Date of Award

2018

Degree Type

Dissertation

Degree Name

Doctor of Philosophy (PhD)

Graduate Group

Economics

First Advisor

Iourii Manovskii

Abstract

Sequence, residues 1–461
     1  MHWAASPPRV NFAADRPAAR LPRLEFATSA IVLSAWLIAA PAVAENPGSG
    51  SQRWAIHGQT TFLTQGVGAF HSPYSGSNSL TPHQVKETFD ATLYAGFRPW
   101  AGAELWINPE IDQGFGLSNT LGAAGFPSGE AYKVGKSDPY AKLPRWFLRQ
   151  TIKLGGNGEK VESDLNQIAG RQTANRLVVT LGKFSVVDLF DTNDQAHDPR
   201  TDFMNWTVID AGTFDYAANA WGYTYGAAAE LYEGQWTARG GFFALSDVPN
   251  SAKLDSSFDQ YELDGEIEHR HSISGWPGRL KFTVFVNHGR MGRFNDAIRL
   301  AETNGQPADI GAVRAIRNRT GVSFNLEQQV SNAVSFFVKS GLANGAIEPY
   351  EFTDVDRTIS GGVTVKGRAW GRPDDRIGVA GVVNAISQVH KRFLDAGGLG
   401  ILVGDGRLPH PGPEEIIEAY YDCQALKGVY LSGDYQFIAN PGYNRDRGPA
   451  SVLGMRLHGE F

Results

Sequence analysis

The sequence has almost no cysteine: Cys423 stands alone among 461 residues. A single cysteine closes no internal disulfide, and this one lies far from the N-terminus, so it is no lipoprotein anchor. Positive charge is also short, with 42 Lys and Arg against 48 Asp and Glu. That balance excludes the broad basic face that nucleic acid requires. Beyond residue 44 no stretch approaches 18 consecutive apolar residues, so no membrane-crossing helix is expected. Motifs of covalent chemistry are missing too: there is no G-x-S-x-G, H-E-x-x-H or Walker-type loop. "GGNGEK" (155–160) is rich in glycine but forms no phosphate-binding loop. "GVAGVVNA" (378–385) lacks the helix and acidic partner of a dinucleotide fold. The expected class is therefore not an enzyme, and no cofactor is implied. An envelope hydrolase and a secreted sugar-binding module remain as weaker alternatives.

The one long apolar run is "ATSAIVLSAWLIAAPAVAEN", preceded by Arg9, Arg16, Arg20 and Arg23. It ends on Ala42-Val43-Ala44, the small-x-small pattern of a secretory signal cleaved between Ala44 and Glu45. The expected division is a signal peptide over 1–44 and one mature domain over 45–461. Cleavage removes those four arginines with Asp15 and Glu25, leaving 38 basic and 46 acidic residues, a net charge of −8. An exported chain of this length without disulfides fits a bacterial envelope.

The distribution of wages and jobs changed all across advanced economies the last few decades. These changes came seemingly unexpected. Economic theory tell us to look at supply and demand to understand what happened. In practice, we cannot directly observe demand and supply shifts. We also cannot easily distinguish the economic forces behind these distributional changes from other concurrent phenomena. These fundamental problems permeate all studies of changes in the wage and occupational distributions. This dissertation applies two approaches to overcome these challenges. In the first chapter (with Tzuo-Hann Law), we take an assortative matching model with on-the-job search and use it understand what forces drove up wage inequality in Germany between the 1990s and 2000s. The model conceives of a worker's ability and a firm's productivity as one-dimensional, rankable indices, which we non-parametrically identify. With these productivity ranks, we identify production technology. The model fits wages almost as well as statistical decompositions that use more degrees of freedom. This model fit gives us confidence to make inference with the model. We find that changes in production technology and the equilibrium sorting patterns it induces account for the rise in wage dispersion. Search frictions had little impact on its rise over time. The approach in the first chapter works well to account for rising wage inequality. However, it misses out on another important change - the decline in traditionally middle-wage jobs or job polarization. In the second chapter, I present a multidimensional skills search model which accounts for changes in occupational wages, occupational employment shares, and the wage distribution at large. In contrast to the first chapter, this model takes a parametric approach but still reproduces numerous aspects of US cross sectional data observed from 1979 to 2010. The model indicates industry trends and technological progress account for the majority of these changes. Information and communications technology spurred demand for jobs requiring interpersonal and social skills in the 1990s. This development appears farther reaching than the automation of jobs concentrated in the manufacturing and construction sectors.

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